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  • Acute bronchitis is characterized by inflammation of the epithelium of the large airways resulting from infection or exposure to irritating environmental triggers (eg, air pollution and cigarette smoke). The disease entity is frequently classified as either acute or chronic. Acute bronchitis occurs in all ages, whereas chronic bronchitis primarily affects adults.

  • Acute bronchitis most commonly occurs during the winter months. Cold, damp climates and/or the presence of high concentrations of irritating substances such as air pollution or cigarette smoke may precipitate attacks.

  • Respiratory viruses are the predominant infectious agents associated with acute bronchitis. The most common infecting agents include influenza A and B, respiratory syncytial virus (RSV), and parainfluenza virus, whereas the common cold viruses (rhinovirus and coronavirus) and adenovirus are encountered less frequently. Common bacterial pathogens are those associated with community-acquired pneumonia (CAP), including Mycoplasma pneumoniae, Streptococcus pneumonia, Haemophilus influenzae, and Moraxella catarrhalis.

  • Infection of the trachea and bronchi causes hyperemic and edematous mucous membranes and an increase in bronchial secretions. Destruction of respiratory epithelium can range from mild to extensive and may affect bronchial mucociliary function. In addition, the increase in bronchial secretions, which can become thick and tenacious, further impairs mucociliary activity. Recurrent acute respiratory infections may be associated with increased airway hyperreactivity and possibly the pathogenesis of chronic obstructive lung disease.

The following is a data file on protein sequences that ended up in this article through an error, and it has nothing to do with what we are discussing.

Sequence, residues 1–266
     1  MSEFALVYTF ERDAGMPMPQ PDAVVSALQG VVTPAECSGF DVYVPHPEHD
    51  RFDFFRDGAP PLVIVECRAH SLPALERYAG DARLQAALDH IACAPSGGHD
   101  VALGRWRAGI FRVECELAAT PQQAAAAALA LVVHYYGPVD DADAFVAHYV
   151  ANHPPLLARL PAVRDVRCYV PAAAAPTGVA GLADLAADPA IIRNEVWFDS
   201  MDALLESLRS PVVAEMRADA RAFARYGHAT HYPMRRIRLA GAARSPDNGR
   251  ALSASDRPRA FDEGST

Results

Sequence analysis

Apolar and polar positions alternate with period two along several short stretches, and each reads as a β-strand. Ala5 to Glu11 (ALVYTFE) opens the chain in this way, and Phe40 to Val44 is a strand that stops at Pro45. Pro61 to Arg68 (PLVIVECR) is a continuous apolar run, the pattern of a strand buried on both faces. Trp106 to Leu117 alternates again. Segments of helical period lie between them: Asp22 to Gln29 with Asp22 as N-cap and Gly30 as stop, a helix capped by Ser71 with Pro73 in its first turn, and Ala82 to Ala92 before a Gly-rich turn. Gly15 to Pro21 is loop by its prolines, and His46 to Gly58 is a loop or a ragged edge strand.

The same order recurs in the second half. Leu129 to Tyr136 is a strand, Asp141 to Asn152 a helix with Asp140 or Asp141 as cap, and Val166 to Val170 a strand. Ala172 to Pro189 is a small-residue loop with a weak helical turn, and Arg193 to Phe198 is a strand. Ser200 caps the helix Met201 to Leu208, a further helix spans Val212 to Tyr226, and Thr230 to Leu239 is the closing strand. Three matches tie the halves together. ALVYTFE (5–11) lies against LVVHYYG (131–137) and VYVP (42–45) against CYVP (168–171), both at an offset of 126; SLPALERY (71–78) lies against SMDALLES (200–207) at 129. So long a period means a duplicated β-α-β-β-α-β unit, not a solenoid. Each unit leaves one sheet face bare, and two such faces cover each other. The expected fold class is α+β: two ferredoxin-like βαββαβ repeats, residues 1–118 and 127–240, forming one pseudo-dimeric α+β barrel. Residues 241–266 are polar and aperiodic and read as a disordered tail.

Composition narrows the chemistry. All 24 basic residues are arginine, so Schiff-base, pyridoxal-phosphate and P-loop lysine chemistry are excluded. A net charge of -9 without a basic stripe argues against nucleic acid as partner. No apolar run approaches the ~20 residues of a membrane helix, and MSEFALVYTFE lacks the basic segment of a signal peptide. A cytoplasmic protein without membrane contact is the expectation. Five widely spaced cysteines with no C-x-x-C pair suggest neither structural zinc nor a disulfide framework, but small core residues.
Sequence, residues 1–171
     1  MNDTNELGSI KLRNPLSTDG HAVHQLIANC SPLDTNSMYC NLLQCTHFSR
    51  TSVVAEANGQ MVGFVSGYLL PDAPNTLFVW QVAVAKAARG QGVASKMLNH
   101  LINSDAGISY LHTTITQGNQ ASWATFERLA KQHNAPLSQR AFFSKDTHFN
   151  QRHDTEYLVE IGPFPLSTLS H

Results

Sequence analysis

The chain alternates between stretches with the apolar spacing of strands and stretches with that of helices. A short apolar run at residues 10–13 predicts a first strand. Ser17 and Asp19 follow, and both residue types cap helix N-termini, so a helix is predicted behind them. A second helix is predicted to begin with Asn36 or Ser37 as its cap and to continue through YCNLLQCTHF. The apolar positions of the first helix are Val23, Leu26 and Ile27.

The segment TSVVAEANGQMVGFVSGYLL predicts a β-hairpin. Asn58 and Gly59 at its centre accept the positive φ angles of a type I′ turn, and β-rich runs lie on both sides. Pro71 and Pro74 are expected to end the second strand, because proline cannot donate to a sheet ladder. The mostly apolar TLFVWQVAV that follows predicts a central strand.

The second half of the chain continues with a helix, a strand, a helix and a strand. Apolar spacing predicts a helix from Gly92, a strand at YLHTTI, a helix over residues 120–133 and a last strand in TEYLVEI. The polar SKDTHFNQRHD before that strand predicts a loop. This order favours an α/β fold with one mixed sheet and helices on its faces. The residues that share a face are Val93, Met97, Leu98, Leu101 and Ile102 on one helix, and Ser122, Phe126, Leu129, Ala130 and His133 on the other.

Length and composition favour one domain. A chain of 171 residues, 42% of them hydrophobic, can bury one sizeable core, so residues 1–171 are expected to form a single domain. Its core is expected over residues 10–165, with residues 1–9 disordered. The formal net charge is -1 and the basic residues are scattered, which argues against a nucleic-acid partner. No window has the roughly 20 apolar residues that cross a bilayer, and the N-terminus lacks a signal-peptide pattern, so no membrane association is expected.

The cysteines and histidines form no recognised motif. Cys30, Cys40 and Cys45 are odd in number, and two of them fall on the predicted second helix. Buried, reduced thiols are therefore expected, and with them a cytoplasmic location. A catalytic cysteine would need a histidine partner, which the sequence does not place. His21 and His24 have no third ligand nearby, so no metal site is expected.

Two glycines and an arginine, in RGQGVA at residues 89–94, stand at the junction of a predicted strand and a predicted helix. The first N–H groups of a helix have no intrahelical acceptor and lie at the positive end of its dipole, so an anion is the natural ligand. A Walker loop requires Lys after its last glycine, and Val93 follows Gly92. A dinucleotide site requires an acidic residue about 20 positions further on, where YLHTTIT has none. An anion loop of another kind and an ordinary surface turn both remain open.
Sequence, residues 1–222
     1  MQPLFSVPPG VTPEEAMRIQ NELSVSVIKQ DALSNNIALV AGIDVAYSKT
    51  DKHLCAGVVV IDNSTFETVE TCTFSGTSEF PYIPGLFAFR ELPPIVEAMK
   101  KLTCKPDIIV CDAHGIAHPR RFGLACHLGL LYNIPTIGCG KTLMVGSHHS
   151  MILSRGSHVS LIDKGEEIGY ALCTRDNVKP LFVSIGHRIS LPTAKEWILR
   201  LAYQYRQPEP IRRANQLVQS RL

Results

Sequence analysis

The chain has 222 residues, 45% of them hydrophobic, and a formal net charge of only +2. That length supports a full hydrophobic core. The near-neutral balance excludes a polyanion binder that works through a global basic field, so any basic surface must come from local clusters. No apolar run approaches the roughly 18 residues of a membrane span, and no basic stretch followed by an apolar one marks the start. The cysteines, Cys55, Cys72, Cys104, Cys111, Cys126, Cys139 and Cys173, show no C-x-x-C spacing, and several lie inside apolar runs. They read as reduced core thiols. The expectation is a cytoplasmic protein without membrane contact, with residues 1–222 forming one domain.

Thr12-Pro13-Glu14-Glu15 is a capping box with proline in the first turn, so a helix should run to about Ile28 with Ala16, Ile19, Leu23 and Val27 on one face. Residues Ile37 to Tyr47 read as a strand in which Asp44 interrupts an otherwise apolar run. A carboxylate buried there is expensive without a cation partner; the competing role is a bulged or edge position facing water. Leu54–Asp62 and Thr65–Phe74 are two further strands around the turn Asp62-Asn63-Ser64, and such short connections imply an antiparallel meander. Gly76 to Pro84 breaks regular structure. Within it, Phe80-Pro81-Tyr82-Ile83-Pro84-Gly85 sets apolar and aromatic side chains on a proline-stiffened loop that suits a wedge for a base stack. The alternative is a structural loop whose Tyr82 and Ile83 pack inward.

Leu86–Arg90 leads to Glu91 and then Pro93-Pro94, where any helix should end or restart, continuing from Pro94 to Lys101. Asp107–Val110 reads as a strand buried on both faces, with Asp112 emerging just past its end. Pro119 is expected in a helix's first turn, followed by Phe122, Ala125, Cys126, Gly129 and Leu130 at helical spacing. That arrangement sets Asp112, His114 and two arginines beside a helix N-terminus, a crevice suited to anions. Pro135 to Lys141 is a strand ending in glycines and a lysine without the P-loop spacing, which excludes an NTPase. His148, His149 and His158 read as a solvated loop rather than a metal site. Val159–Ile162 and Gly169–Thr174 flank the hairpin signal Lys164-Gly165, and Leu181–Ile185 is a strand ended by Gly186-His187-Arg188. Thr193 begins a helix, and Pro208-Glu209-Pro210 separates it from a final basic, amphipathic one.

Clinical Presentation

  • Acute bronchitis usually begins as an upper respiratory infection. Cough is the hallmark of acute bronchitis. It occurs early and will persist despite the resolution of nasal or nasopharyngeal complaints. Frequently, the cough is initially nonproductive but progresses, yielding mucopurulent sputum.

  • Bacterial cultures of expectorated sputum are generally of limited utility because of the inability to avoid normal nasopharyngeal flora by the sampling technique. Similarly, viral cultures are unnecessary. For the vast majority of affected patients, an etiologic diagnosis is unnecessary and will not change the prescribing of routine supportive care for the management of these patients.


  • Goals of Therapy: The goal is to provide comfort to the patient and, in the unusually severe case, to treat associated dehydration and respiratory compromise.

  • The treatment of acute bronchitis is symptomatic and supportive in nature. Reassurance and antipyretics alone are often sufficient. Bed rest and mild analgesic-antipyretic therapy are often helpful in relieving the associated lethargy, malaise, and fever. Patients should be encouraged to drink fluids to prevent dehydration and possibly decrease the viscosity of respiratory secretions.

  • Aspirin or acetaminophen (650 mg in adults or 10–15 mg/kg per dose in children with a maximum daily adult dose of <4 g and 60 mg/kg for children) or ibuprofen (200–800 mg in adults or 10 mg/kg per dose in children with a maximum daily dose of 3.2 g for adults and 40 mg/kg for children) is administered every 4 to 6 hours.

  • In children, aspirin should be avoided and acetaminophen used ...

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